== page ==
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bio website xavierm02.net
location France
age 22
visits member for 3 years, 11 months
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Jan
23
comment $x=yx$. Can this statement be true when we don't know that $y=1$?
$yx=x \implies yx-x = 0 \implies x(y-1)=0 \implies x= 0 \text{ or } y = 1$
Jan
21
comment Finding $|a|$, a complex number, given a system of equations
Have you tried using $z\overline{z}=|z|^2$?
Jan
18
comment [Verification]$G$ is a group whereby $(a\cdot b)^{i} =a^i\cdot b^i$ for three consecutive integers $i$ for all $a, b \in G$, show $G$ is abelian.
a^n or a^{stuff}${}{}{}{}{}{}$
Dec
27
comment Is there any 100% sure numerical method to find all roots in a polynomial equation of degree n without fail?
The idea is that the roots are the eigenvalues of the companion matrix, and that we know how to computer the eigenvalues of a matrix numerically.
Dec
27
comment Is there any 100% sure numerical method to find all roots in a polynomial equation of degree n without fail?
See mathworld.wolfram.com/PolynomialRoots.html
Dec
20
comment Derivative of a quadratic form
Have you tried looking at an example? Like $X=\begin{pmatrix}0&i\\-i&0\end{pmatrix}?$
Dec
14
comment Basic Axiomatic Definitions in Categories and Allegories (Freyd and Scedrov)
For example $x\mapsto \cfrac{1}{x}$ isn't defined at $0$ so it's not total (as a function of $\mathbb R \to \mathbb R$). And a binary partial operation is to a binary operation what a partial function is to a function.
Dec
14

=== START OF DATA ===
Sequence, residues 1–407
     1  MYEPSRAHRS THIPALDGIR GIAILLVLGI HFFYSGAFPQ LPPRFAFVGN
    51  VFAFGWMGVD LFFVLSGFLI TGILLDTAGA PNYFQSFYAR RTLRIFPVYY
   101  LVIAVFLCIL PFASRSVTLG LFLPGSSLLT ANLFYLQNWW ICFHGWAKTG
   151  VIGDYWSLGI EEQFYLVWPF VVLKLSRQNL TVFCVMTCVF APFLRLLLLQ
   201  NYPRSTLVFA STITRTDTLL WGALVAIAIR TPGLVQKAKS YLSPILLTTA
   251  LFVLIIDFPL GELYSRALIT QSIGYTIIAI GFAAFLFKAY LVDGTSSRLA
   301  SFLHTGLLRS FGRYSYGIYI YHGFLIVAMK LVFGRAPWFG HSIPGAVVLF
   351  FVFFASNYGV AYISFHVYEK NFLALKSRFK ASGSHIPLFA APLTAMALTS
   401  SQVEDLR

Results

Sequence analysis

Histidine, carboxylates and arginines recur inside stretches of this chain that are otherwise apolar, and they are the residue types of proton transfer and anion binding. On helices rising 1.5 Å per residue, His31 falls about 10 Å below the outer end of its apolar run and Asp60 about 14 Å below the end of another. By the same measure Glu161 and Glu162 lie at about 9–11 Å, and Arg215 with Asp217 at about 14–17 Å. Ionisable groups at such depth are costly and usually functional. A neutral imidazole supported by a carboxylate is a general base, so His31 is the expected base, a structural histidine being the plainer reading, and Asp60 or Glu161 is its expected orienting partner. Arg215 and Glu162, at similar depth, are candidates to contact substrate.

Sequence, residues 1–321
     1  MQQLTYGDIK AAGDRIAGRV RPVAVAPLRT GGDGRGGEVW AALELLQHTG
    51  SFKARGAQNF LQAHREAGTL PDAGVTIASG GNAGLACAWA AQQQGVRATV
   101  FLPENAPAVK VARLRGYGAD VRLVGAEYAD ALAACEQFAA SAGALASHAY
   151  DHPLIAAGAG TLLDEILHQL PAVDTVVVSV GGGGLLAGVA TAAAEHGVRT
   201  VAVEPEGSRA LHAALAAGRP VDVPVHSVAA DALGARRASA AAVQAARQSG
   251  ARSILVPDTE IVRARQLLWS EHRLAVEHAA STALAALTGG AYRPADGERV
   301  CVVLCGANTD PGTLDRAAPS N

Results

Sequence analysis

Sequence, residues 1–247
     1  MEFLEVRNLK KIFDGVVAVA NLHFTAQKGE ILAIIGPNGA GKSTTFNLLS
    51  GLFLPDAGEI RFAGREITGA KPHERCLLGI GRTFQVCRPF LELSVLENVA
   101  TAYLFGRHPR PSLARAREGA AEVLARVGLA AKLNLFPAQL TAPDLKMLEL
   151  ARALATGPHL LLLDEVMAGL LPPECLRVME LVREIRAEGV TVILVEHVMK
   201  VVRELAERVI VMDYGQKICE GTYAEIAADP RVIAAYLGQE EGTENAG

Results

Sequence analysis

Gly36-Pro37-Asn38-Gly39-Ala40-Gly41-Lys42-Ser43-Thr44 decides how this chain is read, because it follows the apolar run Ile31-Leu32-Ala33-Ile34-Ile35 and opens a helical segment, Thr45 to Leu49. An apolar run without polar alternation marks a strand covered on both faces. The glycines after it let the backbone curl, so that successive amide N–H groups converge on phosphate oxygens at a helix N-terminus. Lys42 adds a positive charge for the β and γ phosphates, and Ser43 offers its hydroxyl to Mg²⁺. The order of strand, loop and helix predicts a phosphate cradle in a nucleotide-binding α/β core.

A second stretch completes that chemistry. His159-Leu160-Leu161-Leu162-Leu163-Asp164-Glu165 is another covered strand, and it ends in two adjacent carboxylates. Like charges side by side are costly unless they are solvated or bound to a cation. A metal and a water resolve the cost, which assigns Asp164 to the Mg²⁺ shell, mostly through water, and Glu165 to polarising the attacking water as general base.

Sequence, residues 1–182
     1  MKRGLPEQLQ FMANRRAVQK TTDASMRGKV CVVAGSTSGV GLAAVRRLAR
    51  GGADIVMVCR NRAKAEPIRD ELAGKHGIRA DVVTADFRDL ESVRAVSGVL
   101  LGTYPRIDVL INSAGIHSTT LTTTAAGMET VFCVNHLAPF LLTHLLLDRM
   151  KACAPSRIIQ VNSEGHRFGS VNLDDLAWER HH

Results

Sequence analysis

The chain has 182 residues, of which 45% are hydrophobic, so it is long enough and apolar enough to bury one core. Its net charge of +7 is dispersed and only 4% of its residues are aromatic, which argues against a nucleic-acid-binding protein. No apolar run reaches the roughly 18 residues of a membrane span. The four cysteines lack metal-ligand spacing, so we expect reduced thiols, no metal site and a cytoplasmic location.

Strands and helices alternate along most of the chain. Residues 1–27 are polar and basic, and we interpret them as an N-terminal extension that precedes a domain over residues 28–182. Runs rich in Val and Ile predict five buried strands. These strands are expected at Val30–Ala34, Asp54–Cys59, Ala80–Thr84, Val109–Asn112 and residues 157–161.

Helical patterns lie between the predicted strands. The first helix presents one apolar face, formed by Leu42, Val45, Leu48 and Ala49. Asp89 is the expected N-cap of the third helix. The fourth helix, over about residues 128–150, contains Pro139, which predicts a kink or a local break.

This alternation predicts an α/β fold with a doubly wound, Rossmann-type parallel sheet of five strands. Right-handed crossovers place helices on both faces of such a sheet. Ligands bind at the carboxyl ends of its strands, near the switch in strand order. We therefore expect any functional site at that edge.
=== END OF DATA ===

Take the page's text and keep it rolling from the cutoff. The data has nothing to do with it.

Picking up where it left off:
comment Basic Axiomatic Definitions in Categories and Allegories (Freyd and Scedrov)
And a binary operation is a function $f:A\times A \to A$. You can also represent a function $f:X\to Y$ by a subset $F$ of $X \times Y$ so that $\forall x\in X,\forall y_1,y_2 \in Y, (x,y_1)\in F \land (x,y_2)\in F \implies y_1 = y_2$ ([functional] given an input, you have at most one output) and $\forall x\in X, \exists y \in Y, (x,y)\in F$ ([total] given an input, you have at least one output). A partial function is like a function in the sense that it is functional but it doesn't have to be total. In other words, a partial function is a function that can't give an output on some inputs.
Dec
14
comment Basic Axiomatic Definitions in Categories and Allegories (Freyd and Scedrov)
He might represents an object $A$ by $id_A$, then it all kind of makes sense. But then, it's weird that he doesn't simplify the rules by to get, for example, $\square(xy)=\square x$ instead of $\square(xy)=\square( x(\square y))$
Dec
12
awarded  Nice Answer
Dec
10
comment How many graphs on the vertex set {1, …, 12} have exactly 15 edges?
The total number of posssible edges of a graph with $n$ vertices is $n^2$ if you allow edges from an edge to itself and $n^2 - n = n(n-1)$ otherwise.
Dec
7
comment Prove $\{g(x_n)\}_{n=1}^\infty$ converges
One way to work you way through this kind of problem is to rename everything that's small and positive to $\varepsilon_1$, $\varepsilon_2$, etc. Then, you just have to find out which ones must be equal.
Nov
30
revised A function whose graph has vertical asymptotes at $x=+2$ and $x=-2$, and a horizontal asymptote at $y=0$
added 11 characters in body
Nov
30
comment Can we build infinite products in $k[[X]]$?
What would you want it to be for $P\equiv -1$?
Nov
30
comment Is there any diffeomorphism from A to B that $f(A)=B$?
You probably tried the function $f(x)=e^{i\pi/2}x^3$. And you have the problem that at $f'(0)=0$. I suggest you try $g(x)=f(x-c)+e^{i\pi/2}c^3$ to try to push the problem outside of the domain. The only difference with $f$ is that $g$ turns around $c$ instead of turning around $0$.
Nov
27
comment proof that $a_n$ is a null sequence
That's overkill.
Nov
22
comment When does this complex series converge?
For some $x$ expressed in terms of $z$, you series is $\sum\cfrac{x^n}{n}$ for which you should be able to answer the question.
Nov
18
comment Are simple extensions of isomorphic fields isomorphic?
Wouldn't $u\not=v=k$ give a trivial counterexample?
Nov
12
comment Intersection of Elements from Sets of Sets
Yes. Except that the notation $\|\cdot\|$ usually is for norms. I think $|x|$ is more common to denote the cardinal of $x$.
Nov
11
comment A field between $\mathbb{Q}$ and $\mathbb{R}$ ?
Well your field contains all rational numbers because you can take $y=0$.